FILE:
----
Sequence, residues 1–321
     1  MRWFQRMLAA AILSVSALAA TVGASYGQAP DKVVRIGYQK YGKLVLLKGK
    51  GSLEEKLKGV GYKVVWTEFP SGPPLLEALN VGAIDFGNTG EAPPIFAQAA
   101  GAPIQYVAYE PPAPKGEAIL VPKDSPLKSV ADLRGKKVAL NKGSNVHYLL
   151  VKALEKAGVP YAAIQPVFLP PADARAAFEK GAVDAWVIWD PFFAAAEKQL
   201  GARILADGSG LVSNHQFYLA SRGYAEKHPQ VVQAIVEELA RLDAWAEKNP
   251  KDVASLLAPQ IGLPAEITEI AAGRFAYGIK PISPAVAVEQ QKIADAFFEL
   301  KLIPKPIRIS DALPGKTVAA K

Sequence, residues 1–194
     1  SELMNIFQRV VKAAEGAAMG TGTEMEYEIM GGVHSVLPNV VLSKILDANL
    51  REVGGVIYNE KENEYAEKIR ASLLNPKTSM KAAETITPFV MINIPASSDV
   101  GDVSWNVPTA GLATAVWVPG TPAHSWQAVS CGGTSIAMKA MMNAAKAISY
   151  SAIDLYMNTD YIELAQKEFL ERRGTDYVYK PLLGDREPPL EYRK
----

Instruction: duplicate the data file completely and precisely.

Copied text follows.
Sequence, residues 1–321
     1  MRWFQRMLAA AILSVSALAA TVGASYGQAP DKVVRIGYQK YGKLVLLKGK
    51  GSLEEKLKGV GYKVVWTEFP SGPPLLEALN VGAIDFGNTG EAPPIFAQAA
   101  GAPIQYVAYE PPAPKGEAIL VPKDSPLKSV ADLRGKKVAL NKGSNVHYLL
   151  VKALEKAGVP YAAIQPVFLP PADARAAFEK GAVDAWVIWD PFFAAAEKQL
   201  GARILADGSG LVSNHQFYLA SRGYAEKHPQ VVQAIVEELA RLDAWAEKNP
   251  KDVASLLAPQ IGLPAEITEI AAGRFAYGIK PISPAVAVEQ QKIADAFFEL
   301  KLIPKPIRIS DALPGKTVAA K

Sequence, residues 1–194
     1  SELMNIFQRV VKAAEGAAMG TGTEMEYEIM GGVHSVLPNV VLSKILDANL
    51  REVGGVIYNE KENEYAEKIR ASLLNPKTSM KAAETITPFV MINIPASSDV
   101  GDVSWNVPTA GLATAVWVPG TPAHSWQAVS CGGTSIAMKA MMNAAKAISY
   151  SAIDLYMNTD YIELAQKEFL ERRGTDYVYK PLLGDREPPL EYRK